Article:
Julie Garmon says
Yes Yes Yes! I have to state often, “Less of me, More of you, God”. Often times it’s the little things that have the biggest impact. Less self glorification, more kingdom uplifting and spotlighting. Our God is so gracious and deserves all of the praise.
Thank you for the reminder. 🙂
Melissa Henderson says
“Less of me, God, more of You.” Let this be my goal each and every day. 🙂 Thank you for this message Deidra.
Thanks Deidra for this message! I was just dealing with this in my prayer time on yesterday. God has a way of sending confirmation, & He definitely did that through your message. So, I surrender. ..as I decrease. ..He will increase. Less of me more of You. That’s my ode to God. Be Blessed!
Michele Morin says
I just finished reading Strong and Weak by Andy Crouch and am captivated by the need for vulnerability AND authority in order to live a flourishing life. That same paradox, I think, applies here. We move away from “little” when it is the absolute key for doing BIG things in the kingdom of God.
(I’m loving all of Mister Roger’s gentle wisdom that you’re sharing!)
That’s a book I keep hearing about.
More and more, I’m growing in my awareness of what seems to the paradoxical quality of God. The invitation, for example, to be in the world, but not of the world, and how these sorts of words, strung together, seem to have life that is deeper than what they first appear to offer. After all, it is for freedom that we have been set free…
Deidra, I praise the Lord and thank you for this gentle message that reminds me of all that Love is. Love is patient, kind, it is not self-seeking…I am so grateful for the Holy Spirit’s gentle conviction to cast my cares and decrease, taking the childlike, little way that St. Teresa spoke of. What is the demand of love? Asking for His forgiveness and stepping into His love today. May each of us become little in the Lord Jesus’ loving arms today so that others may be raised up 🙂
I think this is the tension we live with, daily. The tension between our innate bent toward self-preservation and the divine call of love, which is not self-seeking. It’s hard not to get tripped up from time to time, isn’t it?
Kim Marquette says
Every year I ask God to give me a word or a theme, this year the word is ‘less’. Not an easy word for a gregarious extrovert and yet so far it has been amazing.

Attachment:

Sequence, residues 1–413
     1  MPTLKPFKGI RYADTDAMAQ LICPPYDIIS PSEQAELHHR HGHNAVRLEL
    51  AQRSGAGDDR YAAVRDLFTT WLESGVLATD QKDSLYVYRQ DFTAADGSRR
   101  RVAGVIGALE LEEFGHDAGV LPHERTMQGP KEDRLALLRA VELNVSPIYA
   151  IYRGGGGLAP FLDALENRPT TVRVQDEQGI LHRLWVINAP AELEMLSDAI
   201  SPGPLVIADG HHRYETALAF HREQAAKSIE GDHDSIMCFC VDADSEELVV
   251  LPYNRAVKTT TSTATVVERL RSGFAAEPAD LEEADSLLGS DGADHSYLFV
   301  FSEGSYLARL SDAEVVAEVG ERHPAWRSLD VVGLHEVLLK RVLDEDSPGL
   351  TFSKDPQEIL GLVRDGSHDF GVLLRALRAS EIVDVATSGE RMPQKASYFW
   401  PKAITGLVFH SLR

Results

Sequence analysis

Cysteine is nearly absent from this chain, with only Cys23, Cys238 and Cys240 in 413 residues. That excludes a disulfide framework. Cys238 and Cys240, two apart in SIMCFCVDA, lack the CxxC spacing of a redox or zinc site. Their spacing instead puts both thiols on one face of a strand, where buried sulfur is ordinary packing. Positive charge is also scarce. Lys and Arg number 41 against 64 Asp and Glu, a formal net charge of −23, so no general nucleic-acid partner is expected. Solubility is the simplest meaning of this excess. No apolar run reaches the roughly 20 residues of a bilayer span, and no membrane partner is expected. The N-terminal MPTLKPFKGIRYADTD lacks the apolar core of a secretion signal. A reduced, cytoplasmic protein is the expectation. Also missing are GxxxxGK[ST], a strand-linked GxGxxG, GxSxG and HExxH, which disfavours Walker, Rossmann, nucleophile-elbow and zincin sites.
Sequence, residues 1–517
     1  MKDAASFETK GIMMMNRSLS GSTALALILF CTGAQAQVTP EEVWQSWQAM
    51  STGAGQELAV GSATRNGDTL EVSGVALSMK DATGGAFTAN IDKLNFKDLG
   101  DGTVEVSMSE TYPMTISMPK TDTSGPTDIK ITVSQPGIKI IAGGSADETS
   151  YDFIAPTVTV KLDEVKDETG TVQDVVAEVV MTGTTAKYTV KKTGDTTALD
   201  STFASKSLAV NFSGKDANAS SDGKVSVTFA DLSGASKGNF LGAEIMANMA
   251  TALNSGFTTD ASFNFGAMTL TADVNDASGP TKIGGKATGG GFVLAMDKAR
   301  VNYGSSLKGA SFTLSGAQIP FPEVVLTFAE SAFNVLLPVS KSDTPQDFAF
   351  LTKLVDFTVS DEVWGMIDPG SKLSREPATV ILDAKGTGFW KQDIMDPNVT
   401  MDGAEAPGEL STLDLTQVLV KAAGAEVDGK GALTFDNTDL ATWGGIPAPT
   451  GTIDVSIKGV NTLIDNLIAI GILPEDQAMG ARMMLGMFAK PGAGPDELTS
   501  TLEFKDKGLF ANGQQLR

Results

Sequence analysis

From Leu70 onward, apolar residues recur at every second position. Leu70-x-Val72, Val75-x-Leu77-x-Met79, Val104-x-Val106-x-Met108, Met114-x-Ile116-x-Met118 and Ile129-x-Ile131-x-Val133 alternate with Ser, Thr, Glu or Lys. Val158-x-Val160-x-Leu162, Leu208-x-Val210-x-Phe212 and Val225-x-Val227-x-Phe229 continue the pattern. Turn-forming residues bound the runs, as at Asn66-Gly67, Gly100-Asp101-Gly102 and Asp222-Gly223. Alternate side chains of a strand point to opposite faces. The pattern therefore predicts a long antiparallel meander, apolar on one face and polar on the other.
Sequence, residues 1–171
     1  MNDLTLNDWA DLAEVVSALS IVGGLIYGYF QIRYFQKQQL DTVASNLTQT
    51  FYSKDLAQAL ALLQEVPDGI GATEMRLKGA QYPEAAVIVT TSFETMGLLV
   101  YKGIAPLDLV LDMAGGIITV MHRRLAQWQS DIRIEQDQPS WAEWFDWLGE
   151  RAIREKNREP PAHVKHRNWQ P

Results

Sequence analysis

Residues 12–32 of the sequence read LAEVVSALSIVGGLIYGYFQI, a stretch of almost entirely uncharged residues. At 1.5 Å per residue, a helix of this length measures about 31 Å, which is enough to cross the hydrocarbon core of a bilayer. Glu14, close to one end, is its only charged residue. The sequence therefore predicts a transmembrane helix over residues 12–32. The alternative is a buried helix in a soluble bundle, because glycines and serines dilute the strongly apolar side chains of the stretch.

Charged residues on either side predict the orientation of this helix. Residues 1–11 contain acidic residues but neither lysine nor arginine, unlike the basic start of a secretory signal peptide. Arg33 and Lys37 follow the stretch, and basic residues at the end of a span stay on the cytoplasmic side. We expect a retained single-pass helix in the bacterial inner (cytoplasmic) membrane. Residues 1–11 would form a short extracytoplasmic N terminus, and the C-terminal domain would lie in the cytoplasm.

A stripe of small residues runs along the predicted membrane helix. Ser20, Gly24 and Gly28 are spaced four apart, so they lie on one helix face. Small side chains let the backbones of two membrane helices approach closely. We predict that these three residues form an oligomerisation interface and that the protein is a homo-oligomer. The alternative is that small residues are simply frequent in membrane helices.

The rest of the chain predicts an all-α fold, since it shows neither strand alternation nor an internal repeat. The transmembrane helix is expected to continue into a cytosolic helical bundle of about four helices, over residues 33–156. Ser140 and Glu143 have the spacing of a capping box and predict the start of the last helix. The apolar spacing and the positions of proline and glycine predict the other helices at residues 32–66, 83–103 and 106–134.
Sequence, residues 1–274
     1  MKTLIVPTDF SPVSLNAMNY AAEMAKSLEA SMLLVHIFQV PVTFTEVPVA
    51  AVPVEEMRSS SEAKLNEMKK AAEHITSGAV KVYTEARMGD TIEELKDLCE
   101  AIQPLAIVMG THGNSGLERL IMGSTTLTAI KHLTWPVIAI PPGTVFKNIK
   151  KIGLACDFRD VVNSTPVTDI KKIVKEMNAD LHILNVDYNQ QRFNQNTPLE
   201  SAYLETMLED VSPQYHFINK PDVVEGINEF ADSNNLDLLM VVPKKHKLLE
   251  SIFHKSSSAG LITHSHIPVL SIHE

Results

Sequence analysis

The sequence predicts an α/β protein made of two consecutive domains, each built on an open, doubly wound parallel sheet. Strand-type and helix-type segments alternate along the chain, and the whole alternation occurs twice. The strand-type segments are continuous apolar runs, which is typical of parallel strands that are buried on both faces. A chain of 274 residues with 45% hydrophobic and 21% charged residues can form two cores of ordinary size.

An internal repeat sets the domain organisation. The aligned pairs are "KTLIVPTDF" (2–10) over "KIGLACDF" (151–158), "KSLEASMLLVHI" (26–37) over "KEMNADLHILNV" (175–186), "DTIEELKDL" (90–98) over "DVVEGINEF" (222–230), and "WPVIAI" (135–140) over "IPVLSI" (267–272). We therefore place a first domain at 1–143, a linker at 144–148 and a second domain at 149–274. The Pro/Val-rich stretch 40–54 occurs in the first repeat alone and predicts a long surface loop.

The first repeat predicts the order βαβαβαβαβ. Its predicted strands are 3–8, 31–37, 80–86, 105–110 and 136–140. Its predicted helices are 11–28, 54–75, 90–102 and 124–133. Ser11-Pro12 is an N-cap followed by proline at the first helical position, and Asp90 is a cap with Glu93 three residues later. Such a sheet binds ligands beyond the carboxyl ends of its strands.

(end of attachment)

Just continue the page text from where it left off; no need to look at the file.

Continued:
ro elliott says
Love this in every way… Yes and amen… May it be so with me!!!
I really needed to read this today. God has been calling me to start a writing, and I have been putting off because I do not see who it can help. But He does! Great post!
Marilyn Yocum says
Do it, Danielle! Leave outcomes in God’s hands. This is an obstacle I have faced many times.
Greer Oharah says
Deidra, what a potent post. Thank you so much for such a powerful reminder that little is good, that less is better.
I felt awful after reading about the shooting and how “big” was misconceived by the shooter. But thankfully you stepped in and reminded us with help from Mr. Rodgers example of how big of an impact little can have and help us focus on others.
Ever since I was a little girl I was amazed at how big God is. And truthfully it’s made me feel microscopic. I think that’s what’s helped me remain little.
Have a blessed day,
Beth Williams says
Maybe if we let God decrease us, He might also increase our ability to really see the people around us. Yes!!! We need more God and less of ourselves. This country needs to get back our Christian values we were founded on. I pray everyone makes this their daily prayer: “More God less me”! Open our eyes Lord to see others and love them as you would!!
Amen. That was poignant and relevant to what I’m going through right now.
Me. Rogers had. Strong impact on a little girl for a long time, at a youthful age.. And he still has a positive impact on that same woman, even now.